Tucked away in one of the tallest buildings in Kampala is the oddly named 'National Social Security Fund.' Oddly named because despite its intention to provide a soft landing for salaried employees, NSSF is hardly a pension fund.
Most Ugandans in fact consider its deductions a form of taxation. Recently the NSSF managing director, the former banking official Richard Byarugaba, described the fund, now easily Uganda's wealthiest purse beside the Central bank, as a "monster."
What he meant was that despite its lion size, the fund is little more than a pussycat in the economy, meowing, not roaring, scratching and not clawing forward at the opportunities around it. Around the world these days it is fashionable to talk of Africa's moment. On Sandhill road in the small but extra-wealthy city of Palo Alto where Silicon Valley investors eager for the next big find pitch their ventures, Africa is coming up regularly.
These venture funds chasing things like technology, and increasingly Africa's natural resources, are not larger than two or three hundred million dollars on average. So it's not just a case of a little African irony that NSSF, with all its financial muscle, can hardly invest in an economy courted by smaller funds elsewhere.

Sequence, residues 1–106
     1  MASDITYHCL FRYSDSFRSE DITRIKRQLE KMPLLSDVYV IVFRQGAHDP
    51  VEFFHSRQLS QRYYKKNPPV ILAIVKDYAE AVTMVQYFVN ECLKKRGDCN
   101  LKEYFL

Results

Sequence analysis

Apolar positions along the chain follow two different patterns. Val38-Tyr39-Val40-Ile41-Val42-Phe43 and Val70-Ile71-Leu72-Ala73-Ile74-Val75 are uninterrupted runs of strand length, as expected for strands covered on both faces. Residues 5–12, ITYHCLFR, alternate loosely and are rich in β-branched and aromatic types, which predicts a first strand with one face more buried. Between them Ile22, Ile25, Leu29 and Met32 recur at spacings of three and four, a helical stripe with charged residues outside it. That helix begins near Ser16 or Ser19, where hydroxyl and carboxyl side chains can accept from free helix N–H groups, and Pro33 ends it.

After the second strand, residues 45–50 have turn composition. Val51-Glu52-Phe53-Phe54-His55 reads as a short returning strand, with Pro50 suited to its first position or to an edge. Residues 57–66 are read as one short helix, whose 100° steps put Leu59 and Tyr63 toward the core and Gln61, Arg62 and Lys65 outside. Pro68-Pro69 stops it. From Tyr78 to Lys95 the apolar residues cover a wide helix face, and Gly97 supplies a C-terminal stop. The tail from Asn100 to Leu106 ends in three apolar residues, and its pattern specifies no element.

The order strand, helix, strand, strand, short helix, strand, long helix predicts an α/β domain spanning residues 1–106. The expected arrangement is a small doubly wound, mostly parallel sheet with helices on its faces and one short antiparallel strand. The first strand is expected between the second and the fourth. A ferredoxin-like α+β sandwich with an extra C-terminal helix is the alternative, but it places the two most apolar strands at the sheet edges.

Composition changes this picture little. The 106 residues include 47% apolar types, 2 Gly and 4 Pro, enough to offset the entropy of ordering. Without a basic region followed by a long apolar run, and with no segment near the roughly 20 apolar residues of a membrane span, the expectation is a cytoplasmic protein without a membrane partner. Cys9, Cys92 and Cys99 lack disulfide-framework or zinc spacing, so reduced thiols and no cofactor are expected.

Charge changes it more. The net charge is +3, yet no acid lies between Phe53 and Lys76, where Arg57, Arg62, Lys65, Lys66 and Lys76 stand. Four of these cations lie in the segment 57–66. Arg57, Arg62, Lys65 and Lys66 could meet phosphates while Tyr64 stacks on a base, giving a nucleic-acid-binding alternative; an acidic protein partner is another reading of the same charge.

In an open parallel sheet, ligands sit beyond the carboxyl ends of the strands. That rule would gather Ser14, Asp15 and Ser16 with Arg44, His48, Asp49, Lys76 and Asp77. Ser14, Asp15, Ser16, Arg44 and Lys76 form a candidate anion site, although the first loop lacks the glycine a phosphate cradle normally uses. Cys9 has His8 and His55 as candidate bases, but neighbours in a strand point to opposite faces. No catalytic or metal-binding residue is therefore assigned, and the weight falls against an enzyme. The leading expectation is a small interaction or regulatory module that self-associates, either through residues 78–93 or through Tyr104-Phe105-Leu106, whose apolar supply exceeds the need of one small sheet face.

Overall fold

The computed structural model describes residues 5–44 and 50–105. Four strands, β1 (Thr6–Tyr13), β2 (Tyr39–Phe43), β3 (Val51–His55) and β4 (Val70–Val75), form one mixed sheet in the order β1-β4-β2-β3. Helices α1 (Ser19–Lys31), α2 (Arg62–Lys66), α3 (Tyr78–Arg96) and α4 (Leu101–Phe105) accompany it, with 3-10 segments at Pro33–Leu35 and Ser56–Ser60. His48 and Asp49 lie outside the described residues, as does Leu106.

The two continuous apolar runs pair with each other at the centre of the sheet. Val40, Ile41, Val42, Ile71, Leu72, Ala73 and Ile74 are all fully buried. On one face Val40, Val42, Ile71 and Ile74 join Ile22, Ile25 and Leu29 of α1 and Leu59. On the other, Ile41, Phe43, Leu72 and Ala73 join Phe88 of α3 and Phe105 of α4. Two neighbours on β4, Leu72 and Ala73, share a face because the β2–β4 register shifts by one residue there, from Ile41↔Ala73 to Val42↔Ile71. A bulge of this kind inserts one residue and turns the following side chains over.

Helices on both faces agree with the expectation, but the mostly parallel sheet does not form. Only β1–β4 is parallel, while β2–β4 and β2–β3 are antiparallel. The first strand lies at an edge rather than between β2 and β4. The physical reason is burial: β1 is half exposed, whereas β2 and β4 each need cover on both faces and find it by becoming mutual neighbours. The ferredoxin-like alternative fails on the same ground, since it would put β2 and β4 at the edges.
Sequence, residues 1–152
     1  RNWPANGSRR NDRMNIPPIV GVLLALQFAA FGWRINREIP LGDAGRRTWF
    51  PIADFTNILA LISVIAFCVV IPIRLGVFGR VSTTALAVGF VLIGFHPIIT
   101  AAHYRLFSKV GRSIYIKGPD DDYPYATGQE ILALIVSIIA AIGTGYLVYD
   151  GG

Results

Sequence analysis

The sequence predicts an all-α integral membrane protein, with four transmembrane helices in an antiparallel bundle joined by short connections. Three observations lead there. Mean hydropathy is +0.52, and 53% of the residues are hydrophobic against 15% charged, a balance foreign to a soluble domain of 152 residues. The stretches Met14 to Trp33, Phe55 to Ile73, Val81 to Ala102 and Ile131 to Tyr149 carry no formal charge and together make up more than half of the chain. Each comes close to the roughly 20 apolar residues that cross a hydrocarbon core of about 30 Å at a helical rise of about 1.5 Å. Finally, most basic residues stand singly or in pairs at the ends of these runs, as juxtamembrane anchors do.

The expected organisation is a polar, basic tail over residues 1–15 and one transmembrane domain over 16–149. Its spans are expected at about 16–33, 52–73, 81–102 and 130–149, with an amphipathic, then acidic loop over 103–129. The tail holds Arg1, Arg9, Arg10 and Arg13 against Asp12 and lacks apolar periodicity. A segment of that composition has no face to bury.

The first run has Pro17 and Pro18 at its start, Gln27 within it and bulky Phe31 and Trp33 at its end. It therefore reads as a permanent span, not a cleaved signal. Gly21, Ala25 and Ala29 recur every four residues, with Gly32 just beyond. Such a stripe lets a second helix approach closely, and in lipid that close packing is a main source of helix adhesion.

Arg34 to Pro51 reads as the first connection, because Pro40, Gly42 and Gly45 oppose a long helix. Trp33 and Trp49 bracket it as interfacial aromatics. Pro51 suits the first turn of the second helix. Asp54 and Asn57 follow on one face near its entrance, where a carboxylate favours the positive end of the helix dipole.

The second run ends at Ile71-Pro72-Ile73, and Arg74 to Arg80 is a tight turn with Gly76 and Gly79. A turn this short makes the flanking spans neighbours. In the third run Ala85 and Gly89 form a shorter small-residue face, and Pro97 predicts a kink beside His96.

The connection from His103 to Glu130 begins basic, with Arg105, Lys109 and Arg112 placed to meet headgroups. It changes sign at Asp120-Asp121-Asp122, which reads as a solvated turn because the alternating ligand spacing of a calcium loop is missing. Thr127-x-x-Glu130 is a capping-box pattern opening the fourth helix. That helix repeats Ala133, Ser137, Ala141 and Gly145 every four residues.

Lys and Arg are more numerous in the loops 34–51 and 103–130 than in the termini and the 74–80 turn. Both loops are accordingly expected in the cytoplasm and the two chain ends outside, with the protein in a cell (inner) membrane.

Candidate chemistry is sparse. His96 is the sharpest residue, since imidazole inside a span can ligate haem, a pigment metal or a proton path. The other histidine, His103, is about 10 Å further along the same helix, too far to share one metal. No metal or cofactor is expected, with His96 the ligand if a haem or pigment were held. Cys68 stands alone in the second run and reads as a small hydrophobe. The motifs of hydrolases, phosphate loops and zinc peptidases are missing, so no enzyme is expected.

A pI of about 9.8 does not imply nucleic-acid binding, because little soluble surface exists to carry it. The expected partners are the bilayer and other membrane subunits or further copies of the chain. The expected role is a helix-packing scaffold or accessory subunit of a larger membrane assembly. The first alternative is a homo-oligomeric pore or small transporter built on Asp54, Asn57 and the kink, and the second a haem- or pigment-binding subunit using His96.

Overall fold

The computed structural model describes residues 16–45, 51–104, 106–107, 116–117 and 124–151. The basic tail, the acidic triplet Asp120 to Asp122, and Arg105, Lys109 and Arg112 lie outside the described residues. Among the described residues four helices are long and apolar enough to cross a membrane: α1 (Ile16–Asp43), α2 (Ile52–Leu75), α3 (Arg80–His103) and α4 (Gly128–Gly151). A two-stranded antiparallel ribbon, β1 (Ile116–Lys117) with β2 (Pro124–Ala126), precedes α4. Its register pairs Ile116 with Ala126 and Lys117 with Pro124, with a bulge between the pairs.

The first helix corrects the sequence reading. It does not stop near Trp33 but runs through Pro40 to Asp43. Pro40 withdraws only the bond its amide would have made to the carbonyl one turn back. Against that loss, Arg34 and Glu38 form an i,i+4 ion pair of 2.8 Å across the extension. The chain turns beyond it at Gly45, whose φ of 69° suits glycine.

That is, an economy with oil. To get a full picture of the scale of this irony, consider this. At Shs 3.1 trillion, NSSF represents a value almost five per cent of the Gross Domestic Product. The fund grows at Shs 80bn every month, according to Byarugaba. Its liquidity accounts for 50 per cent of the value of government treasury bills as well as 60 per cent of the float on the Uganda Securities Exchange.
NSSF has another problem. All its investments are safe investments protected by unique "corporate governance" signatures. Bonds, shares or treasury bills are low risk investments.
Several blocks away, one of its high-risk ventures, an ultra modern office block, however, is literary stuck in the mud. The fund pays Shs 50m to maintain the grounds of what should have been a Shs 250bn NSSF Towers. Just Shs 50bn was spent before the project got stuck in the sort of controversies that delay major public projects in Uganda.
When this writer suggested NSSF look to the new and exciting opportunities in Uganda's emerging oil sector, Byarugaba was unimpressed. One can see why. Tomorrow a paper published by Britain's leading Think Tank, Chatham House, will list out some basic dos and don'ts to "avoid the resource curse." Titled 'Oil in Uganda. International Lessons for Success', the paper was commissioned by the Open Society Initiative for Uganda.